Poll: Virginians Want Political Reform
In a recent Unite America Institute poll, Virginians were clear: they want political reform.
Virginia, which has received F’s from the Center for American Progress for the openness and accessibility of its elections, is in a prime position to institute key electoral reforms this year. The survey of 403 likely voters found that 61% of Virginians don’t believe that Republicans and Democrats are working well together in Richmond. In other words, the door for reform is open.
Among the key reform issues found to be most important to Virginians: clean election financing, redistricting reform, and national popular vote. Respondents were also in favor of ballot order randomization and ranked choice voting.
Redistricting reform is an area in which Virginians have a chance to move the needle in 2019. The Unite America Institute report found that 65% of Virginians support redistricting reform, and with good reason; in 2014, a U.S. district court found that the congressional district maps had violated the Voting Rights Act by drawing boundaries on racial lines. Rather than prioritizing representation for citizens, the maps placed emphasis on reelection for incumbents.
Ahead of the 2020 census, legislators and Virginians alike seem to be in favor of shifting the process out of the hands of partisan interests. OneVirginia2021 along with bipartisan leadership in the house of delegates and state senate, have proposed new laws governing how the redistricting commission is formed, as well as what factors they may take into consideration when drawing maps in an effort to limit gerrymandering in the state.
The polling report also showed a clear desire to clean-up the campaign process, both on the ballot side, as well as the campaign and candidacy side. 75% of respondents indicated that they supported limited public funding for candidates who refused PAC and corporate contributions, while 52% said that they would support randomizing ballot order to give third parties a more fair shake.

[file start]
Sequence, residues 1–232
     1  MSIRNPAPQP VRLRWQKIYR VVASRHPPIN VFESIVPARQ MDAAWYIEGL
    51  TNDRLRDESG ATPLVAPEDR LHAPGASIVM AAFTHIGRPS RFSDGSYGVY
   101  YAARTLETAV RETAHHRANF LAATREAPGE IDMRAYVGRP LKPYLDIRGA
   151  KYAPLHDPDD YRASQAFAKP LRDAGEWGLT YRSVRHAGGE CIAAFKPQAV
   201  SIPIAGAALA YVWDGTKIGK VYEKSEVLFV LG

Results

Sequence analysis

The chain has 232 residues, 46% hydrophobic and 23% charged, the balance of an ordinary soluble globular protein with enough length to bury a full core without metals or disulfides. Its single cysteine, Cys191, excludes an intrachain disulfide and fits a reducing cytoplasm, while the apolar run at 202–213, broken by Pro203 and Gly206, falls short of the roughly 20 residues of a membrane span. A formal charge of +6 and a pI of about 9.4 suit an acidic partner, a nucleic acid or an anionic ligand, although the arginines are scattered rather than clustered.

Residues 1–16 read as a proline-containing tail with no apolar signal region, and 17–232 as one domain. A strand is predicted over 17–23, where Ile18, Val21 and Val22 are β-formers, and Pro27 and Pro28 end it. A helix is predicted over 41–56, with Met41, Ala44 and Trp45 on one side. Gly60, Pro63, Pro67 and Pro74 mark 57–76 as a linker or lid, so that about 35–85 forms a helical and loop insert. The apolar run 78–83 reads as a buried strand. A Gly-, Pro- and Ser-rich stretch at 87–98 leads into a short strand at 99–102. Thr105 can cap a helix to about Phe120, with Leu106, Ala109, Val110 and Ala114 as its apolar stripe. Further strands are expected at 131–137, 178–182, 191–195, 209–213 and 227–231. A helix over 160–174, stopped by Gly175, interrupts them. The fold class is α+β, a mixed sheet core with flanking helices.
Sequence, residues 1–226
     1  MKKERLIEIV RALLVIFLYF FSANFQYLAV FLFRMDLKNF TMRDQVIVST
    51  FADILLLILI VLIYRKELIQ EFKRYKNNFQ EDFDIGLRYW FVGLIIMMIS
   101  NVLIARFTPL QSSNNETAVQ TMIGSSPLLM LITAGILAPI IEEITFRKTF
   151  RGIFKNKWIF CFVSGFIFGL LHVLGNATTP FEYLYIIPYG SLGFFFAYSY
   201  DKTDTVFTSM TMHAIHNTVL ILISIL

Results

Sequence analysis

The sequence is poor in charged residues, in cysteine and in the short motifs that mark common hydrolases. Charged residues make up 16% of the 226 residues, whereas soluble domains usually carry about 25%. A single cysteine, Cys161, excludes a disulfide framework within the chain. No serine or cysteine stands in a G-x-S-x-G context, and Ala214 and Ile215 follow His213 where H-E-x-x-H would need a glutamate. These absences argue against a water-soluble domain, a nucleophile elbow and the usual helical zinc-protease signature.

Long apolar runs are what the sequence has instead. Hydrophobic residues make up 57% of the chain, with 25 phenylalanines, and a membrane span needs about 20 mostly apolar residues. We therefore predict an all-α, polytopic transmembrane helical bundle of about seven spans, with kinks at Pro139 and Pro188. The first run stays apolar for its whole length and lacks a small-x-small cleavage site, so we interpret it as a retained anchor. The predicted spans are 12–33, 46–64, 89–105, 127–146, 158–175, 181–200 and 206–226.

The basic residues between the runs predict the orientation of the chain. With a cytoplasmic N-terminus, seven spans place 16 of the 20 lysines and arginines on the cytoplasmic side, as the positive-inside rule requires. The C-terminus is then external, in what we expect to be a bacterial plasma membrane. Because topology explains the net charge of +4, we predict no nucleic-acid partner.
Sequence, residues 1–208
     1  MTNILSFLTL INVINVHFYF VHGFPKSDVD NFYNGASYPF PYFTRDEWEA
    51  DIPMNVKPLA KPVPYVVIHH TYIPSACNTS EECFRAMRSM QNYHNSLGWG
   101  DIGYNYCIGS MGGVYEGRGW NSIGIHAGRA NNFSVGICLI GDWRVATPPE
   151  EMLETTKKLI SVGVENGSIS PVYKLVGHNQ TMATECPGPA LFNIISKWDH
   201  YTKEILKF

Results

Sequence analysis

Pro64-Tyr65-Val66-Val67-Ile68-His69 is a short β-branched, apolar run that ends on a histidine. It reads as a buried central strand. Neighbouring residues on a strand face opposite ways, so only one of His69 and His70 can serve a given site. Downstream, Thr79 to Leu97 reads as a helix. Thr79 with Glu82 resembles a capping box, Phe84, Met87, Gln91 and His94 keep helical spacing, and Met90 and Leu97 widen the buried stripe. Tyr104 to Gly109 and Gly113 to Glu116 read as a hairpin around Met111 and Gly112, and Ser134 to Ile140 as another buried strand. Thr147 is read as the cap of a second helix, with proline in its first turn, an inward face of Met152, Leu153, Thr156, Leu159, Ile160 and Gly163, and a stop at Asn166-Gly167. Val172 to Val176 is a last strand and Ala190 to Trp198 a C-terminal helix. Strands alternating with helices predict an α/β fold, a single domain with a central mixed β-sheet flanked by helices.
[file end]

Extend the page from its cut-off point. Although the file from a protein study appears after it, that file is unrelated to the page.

Another notable takeaway from the Institute’s study: the burgeoning support for alternative voting methods. Ranked choice voting specifically has been increasing in support around the country, with Maine adopting it statewide for the 2018 elections.
With Ranked Choice Voting, voters rank candidates. If no candidate is able to get at least 50% of the vote, the candidate with the least votes will be dropped and their votes will be reallocated to voters’ second-ranked or third-ranked candidates, depending on whom remains in the race. This voting process allows the voter to have a say in the election’s outcome even her or his first choice does not get a majority of the initial votes.
48% of respondents were in favor of a switch to Ranked Choice Voting, with just 23% strongly opposed. The shift to ranked choice voting would allow more Virginian’s true intentions to be heard, while reducing voters’ fear of wasting votes cast for independent or third party candidates.
Unite Virginia is excited to support these reform efforts in 2019 and beyond.